Governor and Senators’ High-Speed Rail Brawl Crashes a Skeptical Florida Supreme Court
FlaglerLive | March 3, 2011
Two lawmakers who say Gov. Rick Scott has no authority to scrub a Tampa to Orlando bullet train brought their case to the Florida Supreme Court Thursday in what may be only the first in a series of challenges to the CEO-turned-governor’s approach to the job.
With $2.4 billion in federal funds hanging in the balance, Sens. Thad Altman and Arthenia Joyner–he a Republican, she a Democrat–brought their case to the state’s highest court as individual lawmakers. But the pair undoubtedly represented colleagues in both chambers who believe Scott overstepped his authority by canceling a high speed rail project approved by lawmakers in December 2009.
- Senators Against “King” Scott Face Off at Florida Supreme Court Over High-Speed Rail
- Senators File Supreme Court Challenge To Gov. Scott’s $2.4 Billion Rail Spurn
- Despite Potential for 14,000 Jobs, Scott Rejects $2.4 Billion in High-Speed Rail Money
- The Altman-Joyner Petition to the Court
- Governor’s Response
- Altman-Joyner Reply to Governor’s Response
- The Case’s Supreme Court Docket
“Rather than faithfully implementing that law (Scott) has pretty much said he is going to refuse to implement it,” Altman told reporters after the short arguments by his lawyer and the governor’s general counsel. “The only entity that can do that is the Legislature, not the governor.”
Scott’s General Counsel Charles Trippe countered before the justices that a ruling favoring the legislators would place the court in the position of forcing a governor to spend money that had yet to be received by the state. Trippe said nothing in state law could force the governor to spend the federal money offered as a carrot to states to develop alternative transportation networks.
“The governor is not demanded by the federal government to do anything,” Trippe said. “He only has to spend what has been appropriated. None of that federal grant money has been appropriated so he has no duty to spend it.”
During questioning, justices pressed the lawmakers’ attorney, Clifton McClelland, to explain how Scott’s decision on the yet-to-be received federal money would constitute an overstep. Justice Barbara Pariente echoed the sentiments of at least two other justices that the lawsuit seemed premature, because lawmakers had yet to specifically divvy up the federal funds.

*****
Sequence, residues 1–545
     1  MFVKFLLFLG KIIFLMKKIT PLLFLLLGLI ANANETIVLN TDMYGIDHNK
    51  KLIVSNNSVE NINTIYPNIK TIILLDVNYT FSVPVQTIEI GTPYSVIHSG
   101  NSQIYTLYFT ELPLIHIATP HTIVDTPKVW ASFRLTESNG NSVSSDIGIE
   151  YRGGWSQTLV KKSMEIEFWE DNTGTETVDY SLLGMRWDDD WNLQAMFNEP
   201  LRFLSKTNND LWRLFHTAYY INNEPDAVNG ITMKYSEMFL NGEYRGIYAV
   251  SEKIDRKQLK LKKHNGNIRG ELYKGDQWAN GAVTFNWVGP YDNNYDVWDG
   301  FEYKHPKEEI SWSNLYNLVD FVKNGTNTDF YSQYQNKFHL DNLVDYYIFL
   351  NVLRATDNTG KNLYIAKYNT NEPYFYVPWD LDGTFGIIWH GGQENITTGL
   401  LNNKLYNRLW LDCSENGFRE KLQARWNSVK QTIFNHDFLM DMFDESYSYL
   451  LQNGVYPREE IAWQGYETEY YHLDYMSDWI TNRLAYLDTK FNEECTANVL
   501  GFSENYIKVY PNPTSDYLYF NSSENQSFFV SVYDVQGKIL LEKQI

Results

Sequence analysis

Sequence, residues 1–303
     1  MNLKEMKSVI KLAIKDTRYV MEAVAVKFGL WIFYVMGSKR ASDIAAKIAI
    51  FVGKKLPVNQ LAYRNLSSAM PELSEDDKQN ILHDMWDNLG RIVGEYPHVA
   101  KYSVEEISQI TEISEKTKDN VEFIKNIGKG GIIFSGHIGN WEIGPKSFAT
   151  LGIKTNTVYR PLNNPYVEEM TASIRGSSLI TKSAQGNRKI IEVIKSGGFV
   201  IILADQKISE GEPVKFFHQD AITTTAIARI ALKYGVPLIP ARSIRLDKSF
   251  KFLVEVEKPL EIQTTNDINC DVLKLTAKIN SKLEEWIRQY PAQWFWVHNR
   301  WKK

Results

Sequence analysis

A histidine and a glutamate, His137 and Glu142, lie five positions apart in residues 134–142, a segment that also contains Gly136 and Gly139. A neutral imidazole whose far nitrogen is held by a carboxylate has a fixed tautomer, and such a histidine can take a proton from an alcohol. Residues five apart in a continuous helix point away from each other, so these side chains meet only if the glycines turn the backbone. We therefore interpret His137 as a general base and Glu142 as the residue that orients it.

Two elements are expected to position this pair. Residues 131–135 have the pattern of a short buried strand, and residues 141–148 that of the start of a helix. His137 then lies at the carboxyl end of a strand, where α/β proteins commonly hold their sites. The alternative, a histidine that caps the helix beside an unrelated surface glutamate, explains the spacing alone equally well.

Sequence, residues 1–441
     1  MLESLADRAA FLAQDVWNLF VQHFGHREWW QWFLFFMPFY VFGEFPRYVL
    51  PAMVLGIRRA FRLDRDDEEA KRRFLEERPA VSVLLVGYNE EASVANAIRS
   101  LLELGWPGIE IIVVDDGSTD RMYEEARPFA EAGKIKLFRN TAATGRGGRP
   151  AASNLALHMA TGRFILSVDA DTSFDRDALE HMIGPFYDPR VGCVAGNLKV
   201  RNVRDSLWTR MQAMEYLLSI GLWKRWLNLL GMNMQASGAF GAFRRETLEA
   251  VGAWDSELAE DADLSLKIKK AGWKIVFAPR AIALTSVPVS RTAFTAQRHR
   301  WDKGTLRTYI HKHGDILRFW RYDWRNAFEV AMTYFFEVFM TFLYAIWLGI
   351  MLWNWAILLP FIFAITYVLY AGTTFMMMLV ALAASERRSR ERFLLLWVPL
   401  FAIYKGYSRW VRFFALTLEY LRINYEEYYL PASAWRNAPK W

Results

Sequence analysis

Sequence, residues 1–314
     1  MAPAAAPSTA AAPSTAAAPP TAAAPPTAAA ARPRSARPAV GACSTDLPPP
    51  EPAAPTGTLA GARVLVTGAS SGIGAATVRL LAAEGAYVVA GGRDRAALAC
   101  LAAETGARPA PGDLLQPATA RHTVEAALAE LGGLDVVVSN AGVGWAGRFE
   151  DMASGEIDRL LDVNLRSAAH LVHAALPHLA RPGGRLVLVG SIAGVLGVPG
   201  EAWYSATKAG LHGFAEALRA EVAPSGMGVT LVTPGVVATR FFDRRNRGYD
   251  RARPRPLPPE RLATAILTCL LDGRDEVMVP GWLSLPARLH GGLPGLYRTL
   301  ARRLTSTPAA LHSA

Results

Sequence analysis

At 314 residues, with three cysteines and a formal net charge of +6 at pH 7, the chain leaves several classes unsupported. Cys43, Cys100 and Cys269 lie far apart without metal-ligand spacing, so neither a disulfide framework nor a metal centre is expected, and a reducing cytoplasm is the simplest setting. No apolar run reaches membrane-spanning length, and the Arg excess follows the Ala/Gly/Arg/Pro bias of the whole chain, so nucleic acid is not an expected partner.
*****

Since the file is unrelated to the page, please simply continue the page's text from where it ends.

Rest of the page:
Chief Justice Charles Canady, a former Congressman and the only former state lawmaker on the court, also questioned the legislators’ assertion that Scott is barred from vetoing future state expenditures related to the high speed project – because lawmakers already put into law that the train should be built.
“If there is anything that is integral to the executive function under our constitution, it is the governor’s ability to veto measures coming from the Legislature, including his authority to exercise a line item veto in response to appropriations,” Canady said.
The court is under pressure to move quickly. U.S. Department of Transportation Secretary Ray LaHood has given Florida until Friday to decide whether to take the money. If not it may be sent to other states.
Last month, Scott notified LaHood that the project was too risky and could leave Florida taxpayers holder the bag for a multi-billion dollar boondoggle. Several senators sent a Scott a letter urging him to accept the funds.
The federal money would pay more than 90 percent of project costs for the Tampa to Orlando route, the first leg of a system backers say could eventually extend south to Miami.
On Thursday, Sen. Mike Bennett, R-Bradenton, withdrew his name from that letter, saying he had wanted to send a message to Scott that he had to work with the Legislature, but didn’t want to force him to accept the federal money now.
“In my attempt to disagree with the unilateral decision to refuse the funds for the High Speed Rail, I am afraid that my signature on this letter has been misconstrued as support for a High Speed Rail project in Florida,” Bennett wrote.
The Supreme Court hasn’t given a timeline for when it may rule.
–Michael Peltier, News Service of Florida